Peers clash over claim Hain’s tinkering at St Andrews is root cause of deadlock
Former Secretary of State Peter Hain has hit back after a peer claimed that changes made to the Good Friday Agreement are to blame for the Stormont crisis.
Northern Ireland Office special adviser Lord Caine - a key behind-the-scenes figure in a number of talks processes - made the comment on Twitter.
Lord Caine and Lord Hain became embroiled in the row after the recent talks to restore power-sharing broke down.
The Tory peer hit out after Hain said London and Dublin allowed Stormont to collapse.
Lord Caine said that changes made in the St Andrews Agreement over a decade ago were the "source of so many problems".
In a tweet to Lord Hain, he said: "Can't help reflecting Peter it was your changes to the 1998 GFA at St Andrews in 2006 and after that are actually the source of so many of the problems we face today."
Lord Hain denied what he described as a "false accusation".
"Changes to GFA at St Andrews were minimal, agreed by all the parties and operated perfectly well for 10 years," he wrote.
"DUP and Sinn Fein dominance only happened in the last parliamentary elections. Until then SDLP and UUP still there."
The Conservative adviser retorted: "Utter tosh and a completely self-delusional rewrite of history.
"You might want to ask which parties supported the additional clause on First Minister you inserted into the legislation which was nowhere in the St Andrews Agreement."
Ulster Unionist peer Lord Empey also weighed in on the Twitter spat, describing Hain's comments as "totally incorrect".
He said: "Given what Lord Hain has been saying, I feel it necessary to enter this dispute and correct some of the statements made by Peter Hain, which are totally incorrect.
"Firstly, Peter Hain says that the changes to the Good Friday Agreement were minimal and agreed by all the parties. He is totally wrong on both counts.
"The changes to the Belfast Agreement were fundamental and completely altered the dynamics of the core element of the Agreement, which was painstakingly negotiated over many years and endorsed in a referendum by a massive majority."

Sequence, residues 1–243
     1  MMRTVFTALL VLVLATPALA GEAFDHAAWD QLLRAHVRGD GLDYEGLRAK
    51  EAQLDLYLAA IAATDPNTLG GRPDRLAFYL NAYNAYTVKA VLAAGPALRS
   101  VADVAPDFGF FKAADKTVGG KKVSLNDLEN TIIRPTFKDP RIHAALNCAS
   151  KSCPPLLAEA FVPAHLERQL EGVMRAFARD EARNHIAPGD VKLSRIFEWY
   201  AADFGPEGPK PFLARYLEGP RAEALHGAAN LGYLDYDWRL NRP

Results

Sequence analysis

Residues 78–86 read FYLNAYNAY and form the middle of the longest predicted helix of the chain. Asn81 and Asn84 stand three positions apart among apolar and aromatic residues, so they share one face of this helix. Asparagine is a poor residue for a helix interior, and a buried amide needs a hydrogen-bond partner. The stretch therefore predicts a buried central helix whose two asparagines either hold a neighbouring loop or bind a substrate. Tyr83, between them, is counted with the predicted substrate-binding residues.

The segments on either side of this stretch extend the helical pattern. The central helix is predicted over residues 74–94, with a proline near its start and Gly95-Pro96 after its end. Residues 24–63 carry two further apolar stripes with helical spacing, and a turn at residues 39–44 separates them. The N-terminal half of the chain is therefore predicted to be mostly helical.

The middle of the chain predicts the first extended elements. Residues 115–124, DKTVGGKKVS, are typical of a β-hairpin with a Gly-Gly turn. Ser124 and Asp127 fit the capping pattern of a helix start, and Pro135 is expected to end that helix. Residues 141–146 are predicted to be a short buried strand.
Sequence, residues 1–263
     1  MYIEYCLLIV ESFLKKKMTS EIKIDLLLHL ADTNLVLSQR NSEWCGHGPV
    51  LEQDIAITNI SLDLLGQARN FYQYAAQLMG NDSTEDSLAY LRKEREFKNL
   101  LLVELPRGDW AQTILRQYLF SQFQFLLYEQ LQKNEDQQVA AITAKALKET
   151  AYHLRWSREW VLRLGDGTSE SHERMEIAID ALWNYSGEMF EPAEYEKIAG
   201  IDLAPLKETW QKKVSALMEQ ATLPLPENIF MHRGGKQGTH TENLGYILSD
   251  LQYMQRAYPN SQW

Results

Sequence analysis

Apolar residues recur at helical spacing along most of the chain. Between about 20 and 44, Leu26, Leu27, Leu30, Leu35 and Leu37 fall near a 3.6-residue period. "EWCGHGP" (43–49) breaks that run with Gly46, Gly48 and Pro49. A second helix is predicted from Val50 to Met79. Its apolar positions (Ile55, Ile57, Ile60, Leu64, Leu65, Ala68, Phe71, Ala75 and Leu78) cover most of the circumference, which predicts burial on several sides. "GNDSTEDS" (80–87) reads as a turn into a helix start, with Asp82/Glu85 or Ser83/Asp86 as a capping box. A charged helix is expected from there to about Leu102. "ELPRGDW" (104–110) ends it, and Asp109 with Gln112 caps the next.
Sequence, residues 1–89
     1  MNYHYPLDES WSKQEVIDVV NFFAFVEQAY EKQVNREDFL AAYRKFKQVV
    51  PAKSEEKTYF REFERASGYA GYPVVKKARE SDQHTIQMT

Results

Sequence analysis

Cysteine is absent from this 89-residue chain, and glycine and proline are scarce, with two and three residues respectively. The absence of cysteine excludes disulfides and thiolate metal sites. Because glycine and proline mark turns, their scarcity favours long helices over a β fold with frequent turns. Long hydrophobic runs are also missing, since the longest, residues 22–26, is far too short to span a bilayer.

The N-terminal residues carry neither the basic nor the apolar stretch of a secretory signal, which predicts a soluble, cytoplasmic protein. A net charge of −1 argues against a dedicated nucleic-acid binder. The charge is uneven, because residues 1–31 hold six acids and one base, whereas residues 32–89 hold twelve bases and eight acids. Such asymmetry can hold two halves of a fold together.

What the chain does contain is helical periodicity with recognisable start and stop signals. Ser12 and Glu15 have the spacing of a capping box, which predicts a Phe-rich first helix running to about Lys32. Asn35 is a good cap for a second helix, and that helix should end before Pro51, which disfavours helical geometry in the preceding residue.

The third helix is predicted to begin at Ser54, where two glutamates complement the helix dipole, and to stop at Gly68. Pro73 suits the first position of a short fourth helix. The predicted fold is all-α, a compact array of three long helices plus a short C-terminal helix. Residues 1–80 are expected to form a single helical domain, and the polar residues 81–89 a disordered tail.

He said the "core element" of the original Agreement was that the First and Deputy First Ministers were elected on a joint ticket in a cross-community vote, which encouraged them to work together.
"In other words both traditions had to walk up the aisle together in public to obtain their positions," he said.
However, the St Andrews Agreement replaced the joint ticket, with the First Minister now nominated by the biggest party and the Deputy First Minister nominated by the largest party of the second largest designation.
Lord Empey said the consequence of this change "has been to turn all subsequent elections into sectarian head counts, because since the DUP became the largest unionist party, successive leaders have argued that if they are not the largest party then Sinn Fein will become First Minister".
He added: "This change has prevented the development of 'normal politics' as we had hoped for and has trapped us in a time warp which has led to the present impasse and the most incompetent and I would say corrupt administration here since 1921.
"I cannot remember a time when the community has been so divided."
Meanwhile, former Prime Minister Tony Blair, who brokered the 20-year-old accord, slammed Brexit-supporting MPs who wanted to "sacrifice" the Good Friday Agreement as "sickening".
He said: "There is no political way around this dilemma.
"The continued failure of the Government to resolve the Northern Ireland question is an expression of it.
"And now that it is clear there is no way round it, there are politicians prepared to sacrifice the Good Friday Agreement on the altar of Brexit and declare that the peace agreed in Northern Ireland is not, really, worth having anyway.
"This is irresponsibility that is, frankly, sickening."